Israeli Prime Minister Benjamin Netanyahu made his first court appearance since May on Monday to enter a plea of not guilty to an indictment alleging corruption and misconduct.
The case began with a police investigation in 2016, and an indictment was issued in 2019. Netanyahu faces a wide array of corruption charges arising from separate investigations. The charges have been consolidated for one trial. He is accused of accepting bribes in exchange for various government favors, as well as engaging a quid pro quo with a media company: positive coverage in exchange for legislation to curb the company’s main rival. He is also charged with receiving favors from a telecom mogul in exchange for agreeing not to obstruct his business interests.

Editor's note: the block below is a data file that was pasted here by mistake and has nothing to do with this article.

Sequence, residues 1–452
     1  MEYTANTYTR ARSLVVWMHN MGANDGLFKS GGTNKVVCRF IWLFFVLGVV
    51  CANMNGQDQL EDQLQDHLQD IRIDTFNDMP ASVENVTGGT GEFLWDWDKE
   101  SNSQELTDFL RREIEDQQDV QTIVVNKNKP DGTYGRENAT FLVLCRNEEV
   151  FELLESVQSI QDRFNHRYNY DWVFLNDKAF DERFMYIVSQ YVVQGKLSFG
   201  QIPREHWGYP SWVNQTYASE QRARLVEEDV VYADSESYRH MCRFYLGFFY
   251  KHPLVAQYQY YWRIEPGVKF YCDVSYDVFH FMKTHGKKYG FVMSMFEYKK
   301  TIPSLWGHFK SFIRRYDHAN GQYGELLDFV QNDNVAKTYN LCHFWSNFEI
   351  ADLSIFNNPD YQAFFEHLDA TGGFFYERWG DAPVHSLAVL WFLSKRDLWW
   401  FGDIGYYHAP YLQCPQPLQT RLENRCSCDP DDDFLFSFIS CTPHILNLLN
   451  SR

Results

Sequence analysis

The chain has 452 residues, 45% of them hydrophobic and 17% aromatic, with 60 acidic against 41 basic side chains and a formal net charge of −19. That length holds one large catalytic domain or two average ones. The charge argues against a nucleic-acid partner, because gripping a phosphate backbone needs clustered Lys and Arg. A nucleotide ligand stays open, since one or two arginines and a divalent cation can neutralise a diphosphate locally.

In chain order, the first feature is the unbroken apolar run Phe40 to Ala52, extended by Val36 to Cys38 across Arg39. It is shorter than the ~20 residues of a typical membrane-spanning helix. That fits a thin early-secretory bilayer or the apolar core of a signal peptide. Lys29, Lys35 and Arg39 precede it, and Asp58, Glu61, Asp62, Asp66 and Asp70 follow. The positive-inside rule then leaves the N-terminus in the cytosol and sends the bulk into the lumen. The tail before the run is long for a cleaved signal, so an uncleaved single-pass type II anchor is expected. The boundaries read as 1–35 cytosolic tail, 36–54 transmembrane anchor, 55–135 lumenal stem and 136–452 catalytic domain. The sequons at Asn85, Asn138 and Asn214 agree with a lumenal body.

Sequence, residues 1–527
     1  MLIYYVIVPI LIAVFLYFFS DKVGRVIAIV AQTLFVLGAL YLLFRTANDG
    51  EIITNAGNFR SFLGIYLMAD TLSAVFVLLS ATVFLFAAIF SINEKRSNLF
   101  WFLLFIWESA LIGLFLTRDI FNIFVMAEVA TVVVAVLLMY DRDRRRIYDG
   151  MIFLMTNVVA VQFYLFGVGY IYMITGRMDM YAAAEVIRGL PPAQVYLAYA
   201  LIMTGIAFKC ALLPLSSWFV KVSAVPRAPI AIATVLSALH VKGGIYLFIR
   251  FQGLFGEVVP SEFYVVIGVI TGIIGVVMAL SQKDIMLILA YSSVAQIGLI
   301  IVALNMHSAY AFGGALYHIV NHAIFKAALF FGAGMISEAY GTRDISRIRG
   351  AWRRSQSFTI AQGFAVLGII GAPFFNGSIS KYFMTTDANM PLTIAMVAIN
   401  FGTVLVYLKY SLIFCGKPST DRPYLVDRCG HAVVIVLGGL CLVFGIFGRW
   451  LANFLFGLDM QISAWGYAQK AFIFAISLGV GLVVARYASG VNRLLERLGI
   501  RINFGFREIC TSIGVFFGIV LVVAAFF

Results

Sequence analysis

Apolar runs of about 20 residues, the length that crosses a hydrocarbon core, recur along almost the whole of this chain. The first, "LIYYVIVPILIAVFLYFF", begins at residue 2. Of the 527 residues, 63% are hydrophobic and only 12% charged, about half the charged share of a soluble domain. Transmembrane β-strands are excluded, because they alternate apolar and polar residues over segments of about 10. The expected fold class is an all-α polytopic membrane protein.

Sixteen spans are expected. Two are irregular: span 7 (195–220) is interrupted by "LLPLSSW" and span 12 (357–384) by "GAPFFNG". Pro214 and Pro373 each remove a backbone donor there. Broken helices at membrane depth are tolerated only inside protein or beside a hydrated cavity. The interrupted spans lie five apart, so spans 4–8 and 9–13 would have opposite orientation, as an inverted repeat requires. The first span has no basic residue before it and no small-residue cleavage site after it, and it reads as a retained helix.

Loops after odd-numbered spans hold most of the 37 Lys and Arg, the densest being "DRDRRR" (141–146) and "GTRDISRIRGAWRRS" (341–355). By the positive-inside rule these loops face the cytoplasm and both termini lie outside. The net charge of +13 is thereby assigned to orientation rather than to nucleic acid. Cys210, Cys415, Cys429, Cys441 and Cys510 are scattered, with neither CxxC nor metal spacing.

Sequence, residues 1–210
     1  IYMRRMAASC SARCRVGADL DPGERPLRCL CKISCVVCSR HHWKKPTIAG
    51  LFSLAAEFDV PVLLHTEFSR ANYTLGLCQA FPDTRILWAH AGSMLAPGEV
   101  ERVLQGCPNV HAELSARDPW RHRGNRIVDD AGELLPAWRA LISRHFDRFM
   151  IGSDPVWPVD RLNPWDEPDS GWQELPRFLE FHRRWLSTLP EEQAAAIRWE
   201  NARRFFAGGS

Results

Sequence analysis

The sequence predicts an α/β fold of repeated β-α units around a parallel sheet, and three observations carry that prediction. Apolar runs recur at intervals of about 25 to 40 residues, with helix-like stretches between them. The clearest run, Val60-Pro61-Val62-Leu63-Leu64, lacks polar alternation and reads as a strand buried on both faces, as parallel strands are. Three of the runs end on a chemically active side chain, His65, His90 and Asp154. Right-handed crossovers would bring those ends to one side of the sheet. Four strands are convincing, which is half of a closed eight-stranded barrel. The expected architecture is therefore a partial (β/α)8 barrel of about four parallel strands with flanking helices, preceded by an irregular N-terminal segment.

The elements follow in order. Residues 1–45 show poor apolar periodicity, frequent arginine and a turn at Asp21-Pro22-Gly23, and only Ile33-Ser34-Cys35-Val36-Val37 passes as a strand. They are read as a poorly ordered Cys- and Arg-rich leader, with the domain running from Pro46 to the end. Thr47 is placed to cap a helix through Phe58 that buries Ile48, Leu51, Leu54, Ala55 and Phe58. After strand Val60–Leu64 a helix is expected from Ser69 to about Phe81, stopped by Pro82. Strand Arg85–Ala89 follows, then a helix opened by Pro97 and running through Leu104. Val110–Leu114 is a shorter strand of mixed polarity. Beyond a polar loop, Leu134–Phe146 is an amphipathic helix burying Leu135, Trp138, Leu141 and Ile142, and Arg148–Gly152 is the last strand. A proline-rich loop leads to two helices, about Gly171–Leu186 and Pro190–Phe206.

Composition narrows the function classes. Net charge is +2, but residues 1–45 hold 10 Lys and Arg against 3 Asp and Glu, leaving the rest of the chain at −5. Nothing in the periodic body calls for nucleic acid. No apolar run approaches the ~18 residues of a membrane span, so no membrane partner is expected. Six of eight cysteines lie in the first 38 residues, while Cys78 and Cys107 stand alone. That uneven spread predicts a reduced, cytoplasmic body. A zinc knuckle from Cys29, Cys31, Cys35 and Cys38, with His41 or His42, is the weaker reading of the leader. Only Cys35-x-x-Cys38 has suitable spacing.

The trial has faced repeated delays as a result of the COVID-19 pandemic. The hearing was brief and largely administrative, but its significance was not lost among Israelis.
In Israel, prime ministers are removed from office upon conviction. Ehud Olmert, Netanyahu’s immediate predecessor, was sentenced to six years in prison following a bribery conviction. Moshe Katsav, Israel’s former president, was sentenced to seven years in prison for rape and other sexual offenses.
Israel, unlike most common law jurisdictions, does not have juries. Since Netanyahu faces more than 10 years in prison, he will be tried by a three-judge panel.